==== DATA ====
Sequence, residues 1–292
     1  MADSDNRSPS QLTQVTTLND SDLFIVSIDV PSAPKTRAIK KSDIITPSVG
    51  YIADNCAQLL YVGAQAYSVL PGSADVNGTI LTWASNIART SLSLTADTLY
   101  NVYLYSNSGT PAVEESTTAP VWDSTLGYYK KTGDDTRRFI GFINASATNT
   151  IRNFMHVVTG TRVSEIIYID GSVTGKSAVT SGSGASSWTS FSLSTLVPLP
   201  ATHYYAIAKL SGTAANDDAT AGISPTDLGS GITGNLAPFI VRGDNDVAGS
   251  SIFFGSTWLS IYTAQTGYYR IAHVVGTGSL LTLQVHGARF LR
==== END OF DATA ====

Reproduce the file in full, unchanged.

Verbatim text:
Sequence, residues 1–292
     1  MADSDNRSPS QLTQVTTLND SDLFIVSIDV PSAPKTRAIK KSDIITPSVG
    51  YIADNCAQLL YVGAQAYSVL PGSADVNGTI LTWASNIART SLSLTADTLY
   101  NVYLYSNSGT PAVEESTTAP VWDSTLGYYK KTGDDTRRFI GFINASATNT
   151  IRNFMHVVTG TRVSEIIYID GSVTGKSAVT SGSGASSWTS FSLSTLVPLP
   201  ATHYYAIAKL SGTAANDDAT AGISPTDLGS GITGNLAPFI VRGDNDVAGS
   251  SIFFGSTWLS IYTAQTGYYR IAHVVGTGSL LTLQVHGARF LR